Dorothy, Kansas, Timelessness...

Watched the Wizard of Oz with my kids the other day. Classic holiday viewing. I couldn't help but think back to watching the same movie with my mom and dad when I was a kid. Then, I thought about the fact that my mom sat with my grandmother and watched the same movie when she was young. Then, I checked the date of production and was blown away to see that the film was released in 1939. For those of you keeping track, that's 70 years ago! Before the Second World War, before the Cold War, before the Holocaust was public knowledge, before the tumultuous 60's, before the explosion of Rock and Roll, before the Cuban Missile Crisis, before so much of what has marked us. Fresh on the heels of Depression-era catastrophe this movie was released. Then I began to ponder all who had seen that movie in the theaters. Men and women who, like my grandparents, visited the local theaters in the late 30's as teenagers and enjoyed the very first color pictures in moving film. The men who sacrificed their lives on D-Day and the resulting conflicts in Europe, Asia, and Africa. I wonder how many of them had watched Dorothy's trek through Oz, nestled in next to their girlfriends in their hometown theater. And then I wondered how many more years families, like mine, would snuggle up on a couch during the holiday season in their pajamas and for, a couple of hours, be caught up in a classic story, journeying down the Yellow Brick Road with Dorothy and her rag-tag band of companions. How many more little girls will dream of going "Somewhere Over the Rainbow?"

Then my mind began to drift again - this time away from Kansas and Oz and the Emerald City; away from Dorothy and her rambling band of ineptitude to other far away places and timeless stories - tales of Creation out of nothing, of a Good garden, a beautiful Paradise, a tempting and crafty nemesis in the form of a serpent, of a Fall, a Curse, and glorious restoration. Timeless stories of another rag-tag band of inept pilgrims and strangers - men like Abraham, Isaac, Jacob (all of whom turned their courses and followed God), wandering through strange places, growing and developing along the way. I thought of heroes of a bygone era - men like Noah, Moses, Joshua, Caleb, women like Ruth, Naomi, Esther. I was caught up in stories of roving Apostles and missionaries, carrying the glorious gospel of Jesus to the ends of the earth, facing persecution, trial, beatings, death; these men were those whom the author of Hebrews described as men of whom the world was not worthy. How many countless thousands, millions have enjoyed these tales together, drawing encouragement and hope for their pilgrim-esque, wandering lives? How many of past eras have also enjoyed fellowship with God through His Son, having their paths lit by His word? How timeless is this faith that we are privileged to be caught up in. Truly, there is more to this family of God, than my mere "three score and ten" years allotted to me! Truly, we are part of something much larger than we can ever imagine. Truly, we are not in Kansas anymore. May we today draw encouragement and confidence from the legacies, heritage, and example of our "cloud of witnesses." May we be reminded that, although our lives feel somewhat unstable at times, we are tethered to a timeless community of faith in the Risen Son of God, to men and women who for all time have been recklessly wandering along their own "yellow brick road," as pilgrims and strangers in their worlds, and we are rooted and grounded in an Eternal God.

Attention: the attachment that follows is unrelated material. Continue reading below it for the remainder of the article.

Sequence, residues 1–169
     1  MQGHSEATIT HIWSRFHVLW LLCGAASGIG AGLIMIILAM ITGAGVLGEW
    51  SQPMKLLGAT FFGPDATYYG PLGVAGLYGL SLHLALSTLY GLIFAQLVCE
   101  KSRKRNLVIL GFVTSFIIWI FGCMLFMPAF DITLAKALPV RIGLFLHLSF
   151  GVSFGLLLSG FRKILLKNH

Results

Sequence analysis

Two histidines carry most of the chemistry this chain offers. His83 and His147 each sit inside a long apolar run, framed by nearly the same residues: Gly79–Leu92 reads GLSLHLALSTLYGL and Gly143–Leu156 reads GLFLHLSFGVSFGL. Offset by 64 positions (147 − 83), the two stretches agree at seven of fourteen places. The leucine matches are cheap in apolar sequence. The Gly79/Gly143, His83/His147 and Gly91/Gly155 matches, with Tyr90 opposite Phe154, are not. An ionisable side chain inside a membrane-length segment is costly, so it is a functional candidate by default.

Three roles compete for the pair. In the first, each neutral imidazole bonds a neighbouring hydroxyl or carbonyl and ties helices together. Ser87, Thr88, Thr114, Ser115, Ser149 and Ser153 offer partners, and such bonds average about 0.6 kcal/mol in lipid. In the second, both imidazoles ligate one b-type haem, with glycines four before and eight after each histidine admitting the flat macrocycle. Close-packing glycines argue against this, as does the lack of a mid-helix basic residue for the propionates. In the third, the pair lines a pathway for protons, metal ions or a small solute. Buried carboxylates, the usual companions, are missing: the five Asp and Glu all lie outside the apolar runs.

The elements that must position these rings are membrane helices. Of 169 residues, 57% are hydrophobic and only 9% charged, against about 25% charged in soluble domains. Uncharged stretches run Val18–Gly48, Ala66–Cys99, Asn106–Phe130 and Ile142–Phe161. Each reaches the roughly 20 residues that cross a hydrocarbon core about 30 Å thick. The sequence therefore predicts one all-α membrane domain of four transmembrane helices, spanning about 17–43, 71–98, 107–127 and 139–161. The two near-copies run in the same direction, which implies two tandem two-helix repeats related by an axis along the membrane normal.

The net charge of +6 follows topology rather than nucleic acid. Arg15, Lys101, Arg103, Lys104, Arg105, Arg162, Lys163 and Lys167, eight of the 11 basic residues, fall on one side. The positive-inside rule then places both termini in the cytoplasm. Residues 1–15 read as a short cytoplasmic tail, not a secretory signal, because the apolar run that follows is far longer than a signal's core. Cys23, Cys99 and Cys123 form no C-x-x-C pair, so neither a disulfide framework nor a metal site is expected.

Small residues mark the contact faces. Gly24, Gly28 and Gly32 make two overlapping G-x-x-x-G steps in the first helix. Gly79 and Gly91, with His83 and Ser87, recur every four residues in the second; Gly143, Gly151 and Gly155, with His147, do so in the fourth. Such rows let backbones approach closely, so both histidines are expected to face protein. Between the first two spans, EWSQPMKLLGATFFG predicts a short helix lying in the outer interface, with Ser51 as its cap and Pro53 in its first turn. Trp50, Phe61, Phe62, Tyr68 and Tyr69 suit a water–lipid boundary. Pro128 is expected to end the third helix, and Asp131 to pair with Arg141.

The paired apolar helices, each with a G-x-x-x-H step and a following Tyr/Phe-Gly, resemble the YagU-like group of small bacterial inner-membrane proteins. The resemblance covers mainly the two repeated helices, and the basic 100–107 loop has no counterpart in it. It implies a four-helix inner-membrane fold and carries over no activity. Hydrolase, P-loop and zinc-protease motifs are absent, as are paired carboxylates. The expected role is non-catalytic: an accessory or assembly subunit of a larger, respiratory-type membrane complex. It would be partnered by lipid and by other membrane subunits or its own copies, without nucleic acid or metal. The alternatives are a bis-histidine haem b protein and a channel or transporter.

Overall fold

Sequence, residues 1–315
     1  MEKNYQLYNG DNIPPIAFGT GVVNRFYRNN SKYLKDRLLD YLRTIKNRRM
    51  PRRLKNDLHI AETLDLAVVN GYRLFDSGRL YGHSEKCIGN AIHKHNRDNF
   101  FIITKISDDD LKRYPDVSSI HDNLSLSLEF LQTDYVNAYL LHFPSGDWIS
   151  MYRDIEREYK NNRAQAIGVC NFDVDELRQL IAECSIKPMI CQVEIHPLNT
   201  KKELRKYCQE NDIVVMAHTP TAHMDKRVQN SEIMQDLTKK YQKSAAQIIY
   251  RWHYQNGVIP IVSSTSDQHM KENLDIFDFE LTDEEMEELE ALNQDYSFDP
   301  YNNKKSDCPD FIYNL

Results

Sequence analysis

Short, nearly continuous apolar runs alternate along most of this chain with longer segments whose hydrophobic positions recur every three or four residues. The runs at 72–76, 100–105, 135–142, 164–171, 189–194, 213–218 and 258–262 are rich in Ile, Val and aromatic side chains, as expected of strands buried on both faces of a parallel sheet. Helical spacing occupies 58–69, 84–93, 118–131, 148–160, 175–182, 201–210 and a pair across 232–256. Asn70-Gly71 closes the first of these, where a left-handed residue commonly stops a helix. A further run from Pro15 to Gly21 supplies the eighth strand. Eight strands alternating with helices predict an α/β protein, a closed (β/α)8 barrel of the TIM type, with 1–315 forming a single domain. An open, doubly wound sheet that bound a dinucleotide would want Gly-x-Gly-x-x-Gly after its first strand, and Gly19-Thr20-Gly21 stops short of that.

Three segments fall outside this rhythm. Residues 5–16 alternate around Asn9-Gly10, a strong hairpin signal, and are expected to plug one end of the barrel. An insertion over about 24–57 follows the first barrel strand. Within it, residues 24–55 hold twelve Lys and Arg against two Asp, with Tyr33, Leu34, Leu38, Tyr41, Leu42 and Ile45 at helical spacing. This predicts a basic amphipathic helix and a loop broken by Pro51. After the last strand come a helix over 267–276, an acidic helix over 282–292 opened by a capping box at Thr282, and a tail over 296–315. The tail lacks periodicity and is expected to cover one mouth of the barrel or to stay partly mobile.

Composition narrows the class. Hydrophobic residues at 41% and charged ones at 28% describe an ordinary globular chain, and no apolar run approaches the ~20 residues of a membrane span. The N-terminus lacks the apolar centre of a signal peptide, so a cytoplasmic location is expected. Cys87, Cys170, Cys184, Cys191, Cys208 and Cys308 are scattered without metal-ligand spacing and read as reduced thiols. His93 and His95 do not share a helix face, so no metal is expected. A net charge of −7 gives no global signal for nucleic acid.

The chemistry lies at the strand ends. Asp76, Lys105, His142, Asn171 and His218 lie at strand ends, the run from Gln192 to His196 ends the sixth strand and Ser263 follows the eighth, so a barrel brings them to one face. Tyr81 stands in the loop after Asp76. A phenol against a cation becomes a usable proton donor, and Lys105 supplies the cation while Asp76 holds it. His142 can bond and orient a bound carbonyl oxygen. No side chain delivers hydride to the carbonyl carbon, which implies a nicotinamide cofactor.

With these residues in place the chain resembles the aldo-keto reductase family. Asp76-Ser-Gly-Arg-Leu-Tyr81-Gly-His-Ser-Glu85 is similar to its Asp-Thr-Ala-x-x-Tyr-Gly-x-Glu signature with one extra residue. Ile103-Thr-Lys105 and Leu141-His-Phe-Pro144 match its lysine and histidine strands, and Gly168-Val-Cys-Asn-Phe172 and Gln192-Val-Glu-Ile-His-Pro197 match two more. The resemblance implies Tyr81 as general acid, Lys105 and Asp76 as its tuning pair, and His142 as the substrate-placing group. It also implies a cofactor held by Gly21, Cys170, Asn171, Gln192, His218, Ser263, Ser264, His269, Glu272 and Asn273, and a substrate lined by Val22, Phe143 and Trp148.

All that from a pretty farm girl, and her little dog, too.


  1. loved the analogy...and the movie! :)

  2. I can't help but sit here and think of a city paved with streets of gold!!A place where there will be no need of light because our God and our Savior will be the light!! A place where there will be no more tears or sorrow or pain for the former self will have passed away!!What a glorious day when we meet our Savior face to face!! Even so I say come Lord Jesus come!! Amen!!